This concludes the survey of the Papal Registers for Tradraighe and the adjacent parishes of Quin and Kilfintanan. The survey is not exhaustive and only recounts a selection of entries relating to clerical appointments and removals. The survey focused on the Mac an Oirchinnigh and some conclusions can be reached. The Mac an Oirchinnigh were an important vassal-sept and they were successful in possessing, over successive generations, the incumbencies of the vicarages at Kilnasoolagh, Kilmaleery and Clonloghan. A Mac an Oirchinnigh cleric held Kilfintanan vicarage in 1427 but subsequently no other kinsmen are recorded there. A Mac an Oirchinnigh cleric also held Quin in 1411 which is a telling point, not least because Quin was the nerve-centre of the Mac Conmara lordship. The rectories of Drumline, Tymorlogyg and Bunratty were also held by Mac an Oirchinnigh clerics, as was the important vicarage of Bunratty. It is likely that Mac an Oirchinnigh clerics were in minor religious orders, supporting the view that many parish incumbencies in Gaelic Ireland had become dominated by laymen and kinfolk of local septs who exerted control over them and had a sometimes unhealthy interest in parish finances.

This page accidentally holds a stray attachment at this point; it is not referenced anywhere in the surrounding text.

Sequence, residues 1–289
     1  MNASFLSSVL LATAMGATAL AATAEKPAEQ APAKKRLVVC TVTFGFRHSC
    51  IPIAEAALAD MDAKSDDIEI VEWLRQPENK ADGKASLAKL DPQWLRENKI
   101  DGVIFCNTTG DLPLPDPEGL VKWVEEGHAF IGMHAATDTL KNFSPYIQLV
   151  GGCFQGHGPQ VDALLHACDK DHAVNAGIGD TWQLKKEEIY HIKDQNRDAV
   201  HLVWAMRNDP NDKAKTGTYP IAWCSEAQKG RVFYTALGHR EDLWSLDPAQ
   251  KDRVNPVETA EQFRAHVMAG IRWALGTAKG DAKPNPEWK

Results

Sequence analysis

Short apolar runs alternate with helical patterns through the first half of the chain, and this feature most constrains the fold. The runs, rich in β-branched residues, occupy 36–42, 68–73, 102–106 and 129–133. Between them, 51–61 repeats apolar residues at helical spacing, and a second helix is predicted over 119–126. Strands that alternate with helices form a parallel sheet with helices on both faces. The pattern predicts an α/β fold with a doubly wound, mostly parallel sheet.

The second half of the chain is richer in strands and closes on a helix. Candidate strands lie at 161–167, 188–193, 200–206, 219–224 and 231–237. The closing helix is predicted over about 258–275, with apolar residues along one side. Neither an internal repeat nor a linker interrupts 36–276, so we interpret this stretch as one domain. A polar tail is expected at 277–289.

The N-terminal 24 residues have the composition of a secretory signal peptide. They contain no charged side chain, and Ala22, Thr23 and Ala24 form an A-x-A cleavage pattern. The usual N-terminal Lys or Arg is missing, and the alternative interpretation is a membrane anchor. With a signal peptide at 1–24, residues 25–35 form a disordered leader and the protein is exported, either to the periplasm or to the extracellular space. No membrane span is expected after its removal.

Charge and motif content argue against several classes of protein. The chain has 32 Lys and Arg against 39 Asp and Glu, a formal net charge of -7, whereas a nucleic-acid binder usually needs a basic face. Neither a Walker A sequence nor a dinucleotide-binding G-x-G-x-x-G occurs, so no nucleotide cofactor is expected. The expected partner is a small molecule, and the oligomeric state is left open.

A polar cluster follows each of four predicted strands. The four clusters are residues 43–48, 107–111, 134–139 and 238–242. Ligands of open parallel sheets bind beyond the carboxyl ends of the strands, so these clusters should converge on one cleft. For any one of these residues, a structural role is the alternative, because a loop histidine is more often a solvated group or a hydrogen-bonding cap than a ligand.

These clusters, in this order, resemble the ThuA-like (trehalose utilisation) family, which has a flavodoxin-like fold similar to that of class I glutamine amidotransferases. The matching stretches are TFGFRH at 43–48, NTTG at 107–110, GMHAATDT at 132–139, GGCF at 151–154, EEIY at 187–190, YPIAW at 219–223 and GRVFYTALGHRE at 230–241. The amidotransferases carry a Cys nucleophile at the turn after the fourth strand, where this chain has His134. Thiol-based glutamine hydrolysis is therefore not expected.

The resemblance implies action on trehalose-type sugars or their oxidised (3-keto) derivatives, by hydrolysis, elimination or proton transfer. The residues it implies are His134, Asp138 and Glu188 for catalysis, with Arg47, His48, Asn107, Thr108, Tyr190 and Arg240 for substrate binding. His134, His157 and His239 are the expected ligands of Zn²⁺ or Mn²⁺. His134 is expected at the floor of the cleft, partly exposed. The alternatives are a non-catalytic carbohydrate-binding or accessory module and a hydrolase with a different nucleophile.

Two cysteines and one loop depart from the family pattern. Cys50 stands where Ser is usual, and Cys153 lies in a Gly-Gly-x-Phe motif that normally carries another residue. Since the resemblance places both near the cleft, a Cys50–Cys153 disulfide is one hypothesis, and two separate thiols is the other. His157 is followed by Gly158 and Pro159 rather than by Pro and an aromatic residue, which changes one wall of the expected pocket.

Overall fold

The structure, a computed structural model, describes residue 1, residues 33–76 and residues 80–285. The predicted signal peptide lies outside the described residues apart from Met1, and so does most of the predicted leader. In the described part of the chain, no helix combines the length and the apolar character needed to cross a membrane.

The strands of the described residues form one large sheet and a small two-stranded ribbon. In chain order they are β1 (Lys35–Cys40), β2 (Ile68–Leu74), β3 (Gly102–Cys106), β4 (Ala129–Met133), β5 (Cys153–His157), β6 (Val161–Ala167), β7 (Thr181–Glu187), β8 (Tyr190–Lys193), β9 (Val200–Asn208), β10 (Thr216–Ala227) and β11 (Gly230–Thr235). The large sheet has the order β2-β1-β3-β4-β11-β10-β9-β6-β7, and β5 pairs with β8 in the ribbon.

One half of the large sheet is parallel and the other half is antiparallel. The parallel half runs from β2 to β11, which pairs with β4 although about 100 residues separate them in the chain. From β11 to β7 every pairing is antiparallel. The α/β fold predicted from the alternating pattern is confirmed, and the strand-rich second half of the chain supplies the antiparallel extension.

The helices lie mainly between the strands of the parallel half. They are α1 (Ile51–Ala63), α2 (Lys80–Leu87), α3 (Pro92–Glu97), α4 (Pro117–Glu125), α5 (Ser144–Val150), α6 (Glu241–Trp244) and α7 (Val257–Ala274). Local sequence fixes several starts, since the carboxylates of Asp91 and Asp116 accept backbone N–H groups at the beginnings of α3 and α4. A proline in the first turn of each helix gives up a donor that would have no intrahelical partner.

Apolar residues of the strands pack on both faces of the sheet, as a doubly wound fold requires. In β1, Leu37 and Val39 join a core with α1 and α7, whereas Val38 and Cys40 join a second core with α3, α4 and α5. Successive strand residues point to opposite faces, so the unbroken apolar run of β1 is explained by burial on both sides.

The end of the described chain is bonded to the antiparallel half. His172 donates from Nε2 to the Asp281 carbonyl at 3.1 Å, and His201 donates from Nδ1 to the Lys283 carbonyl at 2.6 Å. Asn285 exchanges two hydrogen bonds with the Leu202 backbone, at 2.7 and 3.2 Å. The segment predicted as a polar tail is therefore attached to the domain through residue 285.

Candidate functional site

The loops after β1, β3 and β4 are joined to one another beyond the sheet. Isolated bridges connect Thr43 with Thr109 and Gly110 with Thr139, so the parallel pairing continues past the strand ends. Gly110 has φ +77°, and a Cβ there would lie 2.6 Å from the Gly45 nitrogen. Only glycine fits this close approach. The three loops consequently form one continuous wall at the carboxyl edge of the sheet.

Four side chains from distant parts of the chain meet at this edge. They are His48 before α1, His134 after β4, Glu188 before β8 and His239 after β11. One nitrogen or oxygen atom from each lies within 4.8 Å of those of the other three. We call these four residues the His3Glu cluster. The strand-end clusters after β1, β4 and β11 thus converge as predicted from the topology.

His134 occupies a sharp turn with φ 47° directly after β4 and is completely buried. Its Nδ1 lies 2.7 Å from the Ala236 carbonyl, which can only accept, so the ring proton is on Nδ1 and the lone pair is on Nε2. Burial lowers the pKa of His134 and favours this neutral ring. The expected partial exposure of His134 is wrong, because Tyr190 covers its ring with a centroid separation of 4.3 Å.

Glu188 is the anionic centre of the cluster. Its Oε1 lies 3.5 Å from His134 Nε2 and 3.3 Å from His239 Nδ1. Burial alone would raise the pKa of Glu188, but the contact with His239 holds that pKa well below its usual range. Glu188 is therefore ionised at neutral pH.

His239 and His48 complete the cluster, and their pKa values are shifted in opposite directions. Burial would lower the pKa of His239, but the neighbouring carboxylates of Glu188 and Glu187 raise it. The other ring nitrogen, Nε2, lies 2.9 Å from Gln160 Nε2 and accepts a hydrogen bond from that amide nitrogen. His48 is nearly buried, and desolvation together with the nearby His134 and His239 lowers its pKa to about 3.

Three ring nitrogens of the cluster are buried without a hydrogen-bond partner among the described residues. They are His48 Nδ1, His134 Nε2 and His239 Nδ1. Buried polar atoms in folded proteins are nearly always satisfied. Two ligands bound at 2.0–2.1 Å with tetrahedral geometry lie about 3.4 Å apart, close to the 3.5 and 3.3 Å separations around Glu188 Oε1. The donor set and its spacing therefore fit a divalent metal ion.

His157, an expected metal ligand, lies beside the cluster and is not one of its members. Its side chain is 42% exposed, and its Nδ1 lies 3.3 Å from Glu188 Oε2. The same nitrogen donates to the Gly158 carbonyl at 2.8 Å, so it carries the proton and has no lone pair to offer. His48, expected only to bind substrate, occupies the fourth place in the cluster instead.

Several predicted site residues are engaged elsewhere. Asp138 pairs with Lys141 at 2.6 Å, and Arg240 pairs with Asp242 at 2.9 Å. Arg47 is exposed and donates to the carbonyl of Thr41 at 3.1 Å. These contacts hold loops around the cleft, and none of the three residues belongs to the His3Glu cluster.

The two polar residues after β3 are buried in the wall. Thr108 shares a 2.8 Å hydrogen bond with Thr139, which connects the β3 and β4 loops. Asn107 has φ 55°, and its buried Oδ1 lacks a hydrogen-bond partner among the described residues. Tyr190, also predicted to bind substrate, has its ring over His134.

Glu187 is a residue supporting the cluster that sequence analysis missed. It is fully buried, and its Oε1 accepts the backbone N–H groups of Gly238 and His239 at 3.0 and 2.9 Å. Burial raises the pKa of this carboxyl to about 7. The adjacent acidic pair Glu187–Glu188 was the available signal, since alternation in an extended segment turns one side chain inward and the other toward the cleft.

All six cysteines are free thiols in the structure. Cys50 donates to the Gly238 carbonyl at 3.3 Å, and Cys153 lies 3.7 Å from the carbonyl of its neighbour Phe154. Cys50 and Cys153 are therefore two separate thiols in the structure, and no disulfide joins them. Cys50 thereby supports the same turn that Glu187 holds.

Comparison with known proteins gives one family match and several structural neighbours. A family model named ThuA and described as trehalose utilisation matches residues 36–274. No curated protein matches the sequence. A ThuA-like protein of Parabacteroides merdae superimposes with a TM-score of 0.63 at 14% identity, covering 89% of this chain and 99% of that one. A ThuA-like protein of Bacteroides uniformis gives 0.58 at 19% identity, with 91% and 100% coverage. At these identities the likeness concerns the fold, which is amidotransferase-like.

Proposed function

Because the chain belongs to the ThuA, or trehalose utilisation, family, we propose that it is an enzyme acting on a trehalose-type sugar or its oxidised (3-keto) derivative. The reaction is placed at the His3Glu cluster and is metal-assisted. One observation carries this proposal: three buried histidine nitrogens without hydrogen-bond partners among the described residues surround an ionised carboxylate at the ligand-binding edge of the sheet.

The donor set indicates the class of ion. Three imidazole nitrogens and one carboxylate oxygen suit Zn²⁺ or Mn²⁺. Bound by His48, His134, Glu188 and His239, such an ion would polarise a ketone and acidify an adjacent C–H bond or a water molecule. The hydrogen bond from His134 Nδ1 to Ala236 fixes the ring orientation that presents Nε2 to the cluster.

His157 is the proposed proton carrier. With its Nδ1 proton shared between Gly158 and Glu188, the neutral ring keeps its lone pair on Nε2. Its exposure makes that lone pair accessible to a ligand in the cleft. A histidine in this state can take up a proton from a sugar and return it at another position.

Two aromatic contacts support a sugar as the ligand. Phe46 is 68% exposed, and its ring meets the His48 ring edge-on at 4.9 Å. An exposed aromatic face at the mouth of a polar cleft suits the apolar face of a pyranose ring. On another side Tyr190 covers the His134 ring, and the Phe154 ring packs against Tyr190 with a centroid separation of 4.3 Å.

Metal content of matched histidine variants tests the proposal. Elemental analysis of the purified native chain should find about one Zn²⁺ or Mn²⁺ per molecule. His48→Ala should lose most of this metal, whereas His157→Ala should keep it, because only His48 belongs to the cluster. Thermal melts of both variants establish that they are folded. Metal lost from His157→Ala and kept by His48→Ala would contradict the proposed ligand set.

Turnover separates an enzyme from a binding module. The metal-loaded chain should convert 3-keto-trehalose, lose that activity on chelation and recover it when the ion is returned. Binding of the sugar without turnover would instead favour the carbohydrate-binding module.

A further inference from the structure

Reading between the lines we are able to conclude that as an important vassal-sept of the Mac Conmara Fionn clan of Quin, the Mac an Oirchinnigh were based in the vicinity of Kilnasoolagh from at least c.1400. The fact that clerics of the name stated that they were of ‘noble race’ in order to legitimise the awarding of benefices suggests that the leading lineage of the Mac an Oirchinnigh were regarded as a noble secondorder sept in the clan hierarchy. The Papal Registers, then, are a unique source for the historian and genealogist. While they do need to be read with a critical eye, especially regarding the motivation for allegations of clerical misconduct, they offer a unique window on the role of vassal-septs at the parish level and the workings of ecclesiastical administration in a Gaelic diocese. The history of medieval Clare cannot be properly documented without reference to this great repository of contemporary information.

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Mac an Oirchinnigh clerics recorded as
holding parish benefices in 15th century
Tradraighe and adjacent parishes